What Happens to Your Dog if You Die?

Consider your pet in your estate planning.

Consider your pet in your estate planning.

Ever wonder what would happen to your little ‘Yapper’ if you died prematurely or unexpectedly? With the recent passing of the Minnesota legislation (H.F. 1372), pet owners in all 50 states can now create living trusts to pay for the care and maintenance of pets that survive them. As with regular trusts, pet trusts provide a legally sanctioned arrangement where any money or property set aside in the trust of for a pet will be 100% dedicated to that animal’s care. One might recall a few years back when the infamous billionaire, real estate tycoon Leona Helmsley, left a $12 million dollar trust to her little Maltese, Trouble.


What is a Trust?

A living trust is a legal document created by you (the grantor) during your lifetime. Just like a will, a living trust spells out exactly what your desires are with regard to your assets, your dependents, and your heirs. The big difference between a will and trust is that a will becomes effective only after you die and your will has been entered into probate. A living trust bypasses the costly and time-consuming process of probate, enabling your successor trustee (who fills basically the same role as an executor of a will) to carry out your instructions as documented in your living trust at your death, and also if you’re unable to manage your financial, healthcare, and legal affairs due to incapacity. After the pet dies, the remaining funds are distributed to among other heirs or as directed by the trust or the courts.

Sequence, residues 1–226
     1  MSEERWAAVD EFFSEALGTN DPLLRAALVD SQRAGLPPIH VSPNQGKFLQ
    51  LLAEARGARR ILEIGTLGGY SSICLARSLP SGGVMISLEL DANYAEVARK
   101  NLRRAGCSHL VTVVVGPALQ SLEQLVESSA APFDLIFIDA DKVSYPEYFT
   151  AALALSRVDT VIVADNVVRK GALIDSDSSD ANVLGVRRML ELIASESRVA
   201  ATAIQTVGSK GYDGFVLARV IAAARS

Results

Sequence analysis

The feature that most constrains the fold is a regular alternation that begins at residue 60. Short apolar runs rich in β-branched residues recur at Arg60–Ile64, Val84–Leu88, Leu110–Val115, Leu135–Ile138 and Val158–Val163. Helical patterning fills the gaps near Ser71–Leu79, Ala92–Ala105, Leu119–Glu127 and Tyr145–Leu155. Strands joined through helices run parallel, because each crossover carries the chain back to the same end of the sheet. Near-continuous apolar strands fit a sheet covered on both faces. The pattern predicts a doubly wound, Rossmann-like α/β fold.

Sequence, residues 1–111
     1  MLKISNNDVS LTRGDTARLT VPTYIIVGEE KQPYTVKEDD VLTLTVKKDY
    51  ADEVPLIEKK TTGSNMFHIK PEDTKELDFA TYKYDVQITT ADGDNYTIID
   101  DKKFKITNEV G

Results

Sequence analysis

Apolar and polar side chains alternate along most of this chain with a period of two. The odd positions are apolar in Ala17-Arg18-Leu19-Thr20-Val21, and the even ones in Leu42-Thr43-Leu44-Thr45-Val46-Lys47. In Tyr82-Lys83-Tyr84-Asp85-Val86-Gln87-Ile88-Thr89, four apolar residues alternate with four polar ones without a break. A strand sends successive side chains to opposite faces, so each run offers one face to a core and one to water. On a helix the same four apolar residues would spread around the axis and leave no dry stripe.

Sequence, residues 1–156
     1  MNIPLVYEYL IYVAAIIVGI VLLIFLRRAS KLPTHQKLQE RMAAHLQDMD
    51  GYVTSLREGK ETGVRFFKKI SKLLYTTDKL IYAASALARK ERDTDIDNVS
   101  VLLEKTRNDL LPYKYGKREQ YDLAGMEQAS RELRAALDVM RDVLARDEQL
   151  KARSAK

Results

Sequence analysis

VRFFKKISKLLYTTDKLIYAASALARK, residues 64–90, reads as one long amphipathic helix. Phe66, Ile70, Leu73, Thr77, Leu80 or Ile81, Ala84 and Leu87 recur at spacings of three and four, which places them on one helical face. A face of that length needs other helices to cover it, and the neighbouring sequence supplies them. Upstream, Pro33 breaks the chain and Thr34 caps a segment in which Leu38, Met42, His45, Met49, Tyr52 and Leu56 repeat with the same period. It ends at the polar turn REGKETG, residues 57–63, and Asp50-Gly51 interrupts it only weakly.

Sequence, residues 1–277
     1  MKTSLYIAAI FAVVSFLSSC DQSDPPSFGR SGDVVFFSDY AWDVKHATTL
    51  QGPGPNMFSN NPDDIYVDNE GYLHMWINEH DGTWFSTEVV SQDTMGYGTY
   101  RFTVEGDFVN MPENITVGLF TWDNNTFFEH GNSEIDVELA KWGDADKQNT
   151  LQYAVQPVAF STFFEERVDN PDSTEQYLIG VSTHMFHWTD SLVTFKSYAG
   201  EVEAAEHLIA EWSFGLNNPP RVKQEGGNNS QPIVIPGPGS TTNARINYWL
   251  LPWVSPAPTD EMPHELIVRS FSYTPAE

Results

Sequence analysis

Conditions of the Trust

The pet must have been alive during the grantor’s life-time for the pet to benefit. Also, the trust must be enforced by a person specified in the trust for the terms or by a court appointee.

Many Americans and other countries around the world are now considering their pets as part of the family. Personally for me, as a single woman who has no human successors; the benefits of creating a trust for my little Terrier, Bella are numerous! The main benefit however is that it provides me with peace of mind of what would happen to Bella if I were to become incapacitated or died unexpectedly.

I know this is something that we don’t like to think about but when considering your estate planning don’t forget about your little furry friends. Don’t leave their welfare up to chance in case tragedy should occur.


  1. Pets always suffer most when you are nt around. They do not have any way of communicating their needs and also their pain. I have been scared of this when I leave my dogs at home while I travel.

    1. Hi Menaka, Thx for the comment. I feel the same way.

  2. Pingback: Presidential Candidates and Dog Legislation – Yap Talk ()

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